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A Walking City for the 21st Century

A Walking City for the 21st Century | PROYECTO ESPACIOS | Scoop.it

In a world where people live more mobile lifestyles than they have for centuries, cities are facing a problem they rarely planned for: their citizens move away. When jobs and resources start to decline, modern cities, such as Detroit, suffer difficult and often wasteful processes of urban contraction. In contrast to this, Manuel Dominguez’s “Very Large Structure,” the result of his thesis project at ETSA Madrid, proposes a nomadic city that can move on caterpillar tracks to locations where work and resources are abundant.

Read on to see more on this provocative project – including a full set of presentation boards in the image gallery.


Via Lauren Moss
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Andrew Washington's curator insight, November 9, 2013 2:32 PM

Will you move onto that city?

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What Makes a Great City: A General Theory of Walkability

What Makes a Great City: A General Theory of Walkability | PROYECTO ESPACIOS | Scoop.it

City engineers have turned our downtowns into places that are easy to get to but not worth arriving at.


In Walkable City: How Downtown Can Save America, One Step at a Time (public library), city planner Jeff Speck, who spent four years leading the design division of the National Endowment for the Arts working directly with a couple hundred mayors to help solve their greatest city-planning challenges, turns a perceptive eye towards what makes a great city and how we might be able to harness the power of a conceptually simple, practically complex, immeasurably far-reaching solution in improving the fabric and experience of urban life.


Speck outlines a “General Theory of Walkability,” focusing on the four key factors of making a city attractive to pedestrians: 'it must be useful, safe, comfortable, and interesting. Each of these qualities is essential an none alone is sufficient...'


Learn more about urban livability, how to create the conditions that enable pedestrian-oriented development, and the benefits of this approach to urban spaces to the economic, environmental, and cultural health of a city at the article link...


Via Lauren Moss
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10 Techniques for Making Cities More Walkable

10 Techniques for Making Cities More Walkable | PROYECTO ESPACIOS | Scoop.it
In Jeff Speck’s excellent new book, Walkable City, he suggests that there are ten keys to creating walkability. Most of them also have something to do with redressing the deleterious effects caused by our allowing cars to dominate urban spaces for decades. I don’t necessarily agree with every detail, and my own list might differ in some ways that reflect my own experience and values. But it’s a heck of a good menu to get city leaders and thinkers started in making their communities more hospitable to walkers.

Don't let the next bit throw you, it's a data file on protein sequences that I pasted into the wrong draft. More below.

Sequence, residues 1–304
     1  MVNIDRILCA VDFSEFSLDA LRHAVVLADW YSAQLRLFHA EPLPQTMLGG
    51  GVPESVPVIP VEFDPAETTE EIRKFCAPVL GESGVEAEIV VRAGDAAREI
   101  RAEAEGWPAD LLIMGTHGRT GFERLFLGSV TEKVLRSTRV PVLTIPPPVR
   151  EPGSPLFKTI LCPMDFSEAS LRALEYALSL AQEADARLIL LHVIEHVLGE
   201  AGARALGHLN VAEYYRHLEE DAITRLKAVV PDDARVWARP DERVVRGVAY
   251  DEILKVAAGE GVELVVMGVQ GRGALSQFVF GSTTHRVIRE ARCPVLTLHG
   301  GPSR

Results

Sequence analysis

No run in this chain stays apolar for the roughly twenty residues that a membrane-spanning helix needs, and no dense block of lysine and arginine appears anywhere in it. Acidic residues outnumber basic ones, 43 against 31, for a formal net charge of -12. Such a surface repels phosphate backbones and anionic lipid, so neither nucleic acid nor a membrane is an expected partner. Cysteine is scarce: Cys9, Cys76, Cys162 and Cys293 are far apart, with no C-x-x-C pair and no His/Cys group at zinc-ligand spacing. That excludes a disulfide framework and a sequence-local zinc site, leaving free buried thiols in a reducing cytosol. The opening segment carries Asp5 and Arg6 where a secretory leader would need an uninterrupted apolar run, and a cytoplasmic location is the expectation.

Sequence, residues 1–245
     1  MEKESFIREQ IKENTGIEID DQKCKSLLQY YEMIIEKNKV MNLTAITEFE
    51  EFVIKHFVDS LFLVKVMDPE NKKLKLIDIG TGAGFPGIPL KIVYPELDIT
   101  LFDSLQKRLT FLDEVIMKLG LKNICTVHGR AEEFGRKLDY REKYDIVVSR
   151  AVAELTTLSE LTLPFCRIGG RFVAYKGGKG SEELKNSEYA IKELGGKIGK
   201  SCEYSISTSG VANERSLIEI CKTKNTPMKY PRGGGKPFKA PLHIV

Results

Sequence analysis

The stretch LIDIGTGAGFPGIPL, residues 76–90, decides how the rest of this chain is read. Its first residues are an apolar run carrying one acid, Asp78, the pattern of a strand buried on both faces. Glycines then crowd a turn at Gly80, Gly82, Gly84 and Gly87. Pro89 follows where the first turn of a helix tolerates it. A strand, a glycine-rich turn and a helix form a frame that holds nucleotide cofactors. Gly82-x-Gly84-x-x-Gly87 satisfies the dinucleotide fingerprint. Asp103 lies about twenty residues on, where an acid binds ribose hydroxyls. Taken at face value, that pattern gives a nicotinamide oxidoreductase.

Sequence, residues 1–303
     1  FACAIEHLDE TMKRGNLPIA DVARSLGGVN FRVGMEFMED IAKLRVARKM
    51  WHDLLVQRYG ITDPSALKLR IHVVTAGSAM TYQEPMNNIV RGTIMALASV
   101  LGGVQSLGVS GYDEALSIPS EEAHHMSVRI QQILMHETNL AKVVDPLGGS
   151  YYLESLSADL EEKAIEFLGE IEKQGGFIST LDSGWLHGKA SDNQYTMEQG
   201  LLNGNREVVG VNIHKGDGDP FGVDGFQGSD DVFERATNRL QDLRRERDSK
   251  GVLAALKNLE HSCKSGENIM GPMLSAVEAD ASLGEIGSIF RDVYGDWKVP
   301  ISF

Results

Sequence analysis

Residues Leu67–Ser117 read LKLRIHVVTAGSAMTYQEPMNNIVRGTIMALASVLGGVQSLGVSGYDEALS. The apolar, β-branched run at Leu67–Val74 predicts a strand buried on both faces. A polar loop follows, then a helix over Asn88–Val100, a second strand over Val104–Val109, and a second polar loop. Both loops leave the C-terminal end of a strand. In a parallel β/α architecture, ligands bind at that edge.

Visit the article link to read more details and examples of the author’s ten steps of walkability...


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A Siberian Eco-city Inside a One Kilometer Crater

A Siberian Eco-city Inside a One Kilometer Crater | PROYECTO ESPACIOS | Scoop.it

Eco-city 2020 is a proposal for the rehabilitation of the Mirniy industrial zone in Eastern Siberia, Russia designed by the innovative architectural studio AB Elis Ltd.

The project would be located inside a giant man-made crater of more than one kilometer in diameter and 550 meters deep that used to be one of the world’s largest quarries. The idea is to create a new garden city shielded from the harsh Siberian environmental conditions and instead, attract tourists and residents to Eastern Siberia, with the ability to accommodate more than 100,000 people. The new city is planned to be divided in 3 main levels with a vertical farm, forests, residences, and recreational areas.

One of the most interesting aspects of the proposal is the glass dome that will protect the city and would be covered by photovoltaic cells that will harvest enough solar energy for the new development. A central core houses the majority of the vertical circulations and infrastructure along with a multi-level research center. The housing area is located in the first level with outdoor terraces overlooking a forest in the center of the city, in order to create a new type of highly dense urbanism in harmony with nature.


View diagrams & renderings, and learn more about this interesting approach to urban design, sustainability and renewal at the complete article link...


Via Lauren Moss
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